In theory, Angel City’s attack made sense, with Press, Jun Endo and Savannah McCaskill all rotating around in attacking spots, splitting time between playmaking and being a scoring option, and trying to get chances in a lot of ways. But the team clearly got in a habit of getting the ball to Press and looking for her to make magic, which she often did. When she tore her ACL, that avenue was cut off, and it took a couple months for the attack to get back on track again.

The arrivals of Leroux and Emslie helped, and Charley’s return to fitness showed how her speed could have been used more along the way. But McCaskill’s role changing from a midfield playmaker to a late runner into the box, along with Emslie and rather surprisingly, Cari Roccaro hitting scoring form, gave ACFC’s attack new legs. Ultimately, Angel City tied for third-fewest goals scored in the 2022 season, and that ended their playoff hopes, as their goals-against number was fourth best in the league.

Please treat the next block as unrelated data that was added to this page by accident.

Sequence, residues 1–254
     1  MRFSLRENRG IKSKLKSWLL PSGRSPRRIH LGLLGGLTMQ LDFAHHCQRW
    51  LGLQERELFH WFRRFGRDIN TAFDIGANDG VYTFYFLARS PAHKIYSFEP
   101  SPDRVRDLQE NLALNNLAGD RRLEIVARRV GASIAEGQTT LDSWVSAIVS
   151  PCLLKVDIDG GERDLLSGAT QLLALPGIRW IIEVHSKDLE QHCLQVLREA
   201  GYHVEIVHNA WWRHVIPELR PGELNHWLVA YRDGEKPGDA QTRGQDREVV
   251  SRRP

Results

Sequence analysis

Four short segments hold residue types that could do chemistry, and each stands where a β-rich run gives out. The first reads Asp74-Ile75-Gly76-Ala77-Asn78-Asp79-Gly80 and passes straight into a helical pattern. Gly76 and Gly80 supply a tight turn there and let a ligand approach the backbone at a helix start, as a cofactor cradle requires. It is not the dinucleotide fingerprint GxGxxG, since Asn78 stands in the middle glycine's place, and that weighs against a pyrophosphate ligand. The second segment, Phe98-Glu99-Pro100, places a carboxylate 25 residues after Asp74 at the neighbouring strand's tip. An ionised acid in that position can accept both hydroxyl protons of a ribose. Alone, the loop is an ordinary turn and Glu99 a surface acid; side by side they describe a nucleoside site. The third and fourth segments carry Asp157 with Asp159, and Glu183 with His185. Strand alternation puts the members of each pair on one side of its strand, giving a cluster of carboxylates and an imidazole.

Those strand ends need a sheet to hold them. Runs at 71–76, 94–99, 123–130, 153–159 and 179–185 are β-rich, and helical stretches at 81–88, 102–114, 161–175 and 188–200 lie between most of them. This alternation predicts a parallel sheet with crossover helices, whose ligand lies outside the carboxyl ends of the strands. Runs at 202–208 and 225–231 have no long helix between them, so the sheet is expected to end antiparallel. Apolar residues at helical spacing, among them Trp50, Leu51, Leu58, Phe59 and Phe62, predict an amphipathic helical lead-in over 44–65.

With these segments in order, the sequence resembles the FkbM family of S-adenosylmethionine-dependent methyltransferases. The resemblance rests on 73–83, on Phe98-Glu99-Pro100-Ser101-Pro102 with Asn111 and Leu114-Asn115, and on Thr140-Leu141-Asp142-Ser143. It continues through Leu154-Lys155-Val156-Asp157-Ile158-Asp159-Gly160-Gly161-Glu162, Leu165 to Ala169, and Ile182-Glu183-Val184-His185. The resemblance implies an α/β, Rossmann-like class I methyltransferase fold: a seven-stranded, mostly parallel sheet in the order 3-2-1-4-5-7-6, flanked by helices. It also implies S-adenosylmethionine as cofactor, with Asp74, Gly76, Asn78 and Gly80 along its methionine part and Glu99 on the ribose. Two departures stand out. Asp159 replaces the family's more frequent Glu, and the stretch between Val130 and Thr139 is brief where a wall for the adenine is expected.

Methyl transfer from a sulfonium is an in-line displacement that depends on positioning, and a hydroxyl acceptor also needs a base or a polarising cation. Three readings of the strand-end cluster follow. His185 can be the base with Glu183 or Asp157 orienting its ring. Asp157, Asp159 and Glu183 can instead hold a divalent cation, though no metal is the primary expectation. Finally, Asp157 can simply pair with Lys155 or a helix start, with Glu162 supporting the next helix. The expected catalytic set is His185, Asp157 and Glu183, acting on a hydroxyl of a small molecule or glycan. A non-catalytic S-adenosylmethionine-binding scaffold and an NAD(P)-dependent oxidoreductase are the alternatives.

I think the overall takeaway from the attacking struggles was that Coombe and her staff did come up with a plan b, but it took awhile to really pay off. And even if Press had stayed healthy all season, the reliance on their star to carry the attack seemed untenable, as opposing defenses got in the habit of double-teaming her when she picked up the ball in midfield and bodying her off for a quick interception.

But ultimately Angel City weathered all the injuries and illnesses, the cross-country travel, the marathon of a regular season, and came just four points short of a playoff berth in their debut season. I felt like it was possible that quest could end far sooner, and worried at times that Coombe wouldn’t be able to keep them alive in the playoff race and ACFC would fade down the stretch. If anything, they got stronger, and that’s a credit to Coombe as well as the players.

From the outside, the Angel City squad was engaged and pushing in the same direction all season, no matter the ups and downs of the campaign. Much of the credit in getting through that should go to Coombe, for putting together an impressive expansion season. Assuming she comes back for the 2023 campaign, we’ll see how she can build on that for bigger things with Angel City FC.

What do you think? Leave a comment below.